10th Human: of Excellence and Emotional Cost

Are you willing to pay the cost of excellence?

President & Owner of Propaganda Marketing David McGeehan asked this question on LinkedIn yesterday. The question stopped me in my metaphorical tracks (or, in this case, scrolling).

It’s a great, layered question.

What is excellence? Who defines it?

The question parallels my own framework of, “I am willing to accept the level of success (excellence?) that I derive from a laser focus on the same…in the hours after I drop my girls off at school and before I pick them up again.” After I pick them up, I go into what I call “maintenance mode.” In our 24/7 world and in particular as a real estate agent, I can’t reasonably expect my clients to wait until the next day after 4 PM. I make the calls I need to for contractual reasons, if a client has an urgent need, etc. But I hold off on generating new business, extra work, etc.

For me, being an excellent dad is a primary goal. I believe I am an excellent advocate and Realtor® as well; however, I am not willing to put this above being present for my daughters (as a rule).

What is excellence to you?

Taleb: Marketing beyond information is insecurity

I spend a lot of time in my real estate business putting information out there. If you follow me, you know I’m almost daily putting out market stats, average values, talking about trends, giving advice, etc.

When I read this statement in Nassim Nicholas Taleb’s Antifragile, I was metaphorically (and possibly literally) rocked.

Marketing beyond information is insecurity.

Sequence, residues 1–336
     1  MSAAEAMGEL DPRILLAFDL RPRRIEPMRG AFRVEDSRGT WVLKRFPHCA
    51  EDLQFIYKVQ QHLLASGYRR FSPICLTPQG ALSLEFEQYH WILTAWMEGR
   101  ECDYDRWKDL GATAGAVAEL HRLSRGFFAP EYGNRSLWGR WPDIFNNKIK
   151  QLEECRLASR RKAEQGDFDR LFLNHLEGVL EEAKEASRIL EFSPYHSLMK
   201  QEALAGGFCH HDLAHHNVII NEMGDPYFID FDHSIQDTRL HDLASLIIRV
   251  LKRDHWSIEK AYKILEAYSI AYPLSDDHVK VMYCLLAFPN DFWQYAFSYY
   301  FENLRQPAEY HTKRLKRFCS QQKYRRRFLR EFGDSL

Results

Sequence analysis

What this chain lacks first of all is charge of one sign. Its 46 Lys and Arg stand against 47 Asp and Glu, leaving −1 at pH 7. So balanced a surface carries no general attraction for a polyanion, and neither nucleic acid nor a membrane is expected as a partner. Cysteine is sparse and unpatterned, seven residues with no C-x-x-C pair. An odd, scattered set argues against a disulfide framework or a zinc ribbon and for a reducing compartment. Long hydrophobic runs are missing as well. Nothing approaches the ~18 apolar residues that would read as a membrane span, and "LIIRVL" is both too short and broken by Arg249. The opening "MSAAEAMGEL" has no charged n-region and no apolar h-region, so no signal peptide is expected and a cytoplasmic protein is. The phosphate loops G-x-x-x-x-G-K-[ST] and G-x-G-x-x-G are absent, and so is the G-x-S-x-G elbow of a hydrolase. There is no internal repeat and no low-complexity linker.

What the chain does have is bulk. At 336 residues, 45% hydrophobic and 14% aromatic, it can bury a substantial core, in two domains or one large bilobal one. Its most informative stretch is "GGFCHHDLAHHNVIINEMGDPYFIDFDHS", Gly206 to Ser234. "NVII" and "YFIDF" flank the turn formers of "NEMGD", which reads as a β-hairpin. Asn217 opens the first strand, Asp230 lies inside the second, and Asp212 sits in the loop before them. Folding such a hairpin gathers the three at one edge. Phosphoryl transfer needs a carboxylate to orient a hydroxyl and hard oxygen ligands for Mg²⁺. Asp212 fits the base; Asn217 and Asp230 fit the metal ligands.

It articulates a core mantra I have; that is, “If my marketing as I define my actions – that being advocacy through information and education – doesn’t work to maintain and build my business, I will do something different.”

I rarely talk about my sales metrics, volume, success in negotiation of deals. To me, those aren’t what this is about for me. It’s about helping folks make informed decisions, stepping back and letting them make the actual decision.


Frameworks and why are there so many?

credit: pixabay

“Everything that needs to be said has already been said. But, since no one was listening, everything must be said again.”
– André Gide

I was reading my friend Andrew Whitehouse’s blog this morning and came across a post he wrote regarding originalism in thought and work. In addition to the quote above, he said (wrote?) something that jumped out at me, articulating the why of what I do here. That is:

That’s what I’m aiming for here. (The “what is it for?” for this blog.): Looking for patterns in the work others have done, applying my own perspective, writing about it, noticing what’s there, and then iterating.
– Andrew Whitehouse

This all circles back to something I’ve asked myself quite a bit, “Why are there so many different frameworks that say much the same thing when you boil them down to basics?”

I think the answer is that:

1) people weren’t necessarily listening at that moment (that framework X was developed)

or (as if not more likely)

2) it wasn’t said in a way that resonated

To the latter point, Seth Godin’s Linchpin hit me like a hammer. It articulated the principles I’ve tried to live by in such a way that it resonated with me. Further, it allowed me to articulate them in turn to people around me. Colonel John Boyd’s OODA loop also resonates with me. However, it doesn’t resonate with everyone. A particular piece of feedback I’ve received about the OODA loop is, ‘It’s too military a mindset for me with it’s talk of opponents and breaking other loops.’ To this I said to the person, “That’s totally ok. There are a number of other frameworks that may resonate with you!”

What’s the bottom line here?

Don’t give up. Your voice may be – will be – the one that resonates with someone. 

10thHuman: What To Do When You Make a Mistake


Make it right, if you can.

Try to forgive yourself.

We all make mistakes. We are but human. When we do, I think the three steps above are the starting point for addressing the mistake and trying to rebuild the damaged trust.